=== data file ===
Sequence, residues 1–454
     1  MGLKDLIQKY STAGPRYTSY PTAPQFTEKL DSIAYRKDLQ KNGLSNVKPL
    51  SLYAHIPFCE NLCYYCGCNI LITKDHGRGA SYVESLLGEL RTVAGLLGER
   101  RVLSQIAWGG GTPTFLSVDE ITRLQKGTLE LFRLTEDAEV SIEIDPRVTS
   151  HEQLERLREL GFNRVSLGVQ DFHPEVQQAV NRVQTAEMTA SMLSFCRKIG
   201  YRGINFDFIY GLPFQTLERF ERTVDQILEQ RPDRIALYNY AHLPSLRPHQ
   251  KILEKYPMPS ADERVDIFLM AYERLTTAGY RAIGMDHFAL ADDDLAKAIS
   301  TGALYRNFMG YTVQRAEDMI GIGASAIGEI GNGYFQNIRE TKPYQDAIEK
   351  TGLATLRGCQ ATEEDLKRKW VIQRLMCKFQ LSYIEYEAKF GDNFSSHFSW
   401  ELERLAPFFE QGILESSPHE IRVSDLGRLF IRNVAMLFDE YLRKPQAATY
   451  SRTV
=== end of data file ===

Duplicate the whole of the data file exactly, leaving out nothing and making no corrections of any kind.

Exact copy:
Sequence, residues 1–454
     1  MGLKDLIQKY STAGPRYTSY PTAPQFTEKL DSIAYRKDLQ KNGLSNVKPL
    51  SLYAHIPFCE NLCYYCGCNI LITKDHGRGA SYVESLLGEL RTVAGLLGER
   101  RVLSQIAWGG GTPTFLSVDE ITRLQKGTLE LFRLTEDAEV SIEIDPRVTS
   151  HEQLERLREL GFNRVSLGVQ DFHPEVQQAV NRVQTAEMTA SMLSFCRKIG
   201  YRGINFDFIY GLPFQTLERF ERTVDQILEQ RPDRIALYNY AHLPSLRPHQ
   251  KILEKYPMPS ADERVDIFLM AYERLTTAGY RAIGMDHFAL ADDDLAKAIS
   301  TGALYRNFMG YTVQRAEDMI GIGASAIGEI GNGYFQNIRE TKPYQDAIEK
   351  TGLATLRGCQ ATEEDLKRKW VIQRLMCKFQ LSYIEYEAKF GDNFSSHFSW
   401  ELERLAPFFE QGILESSPHE IRVSDLGRLF IRNVAMLFDE YLRKPQAATY
   451  SRTV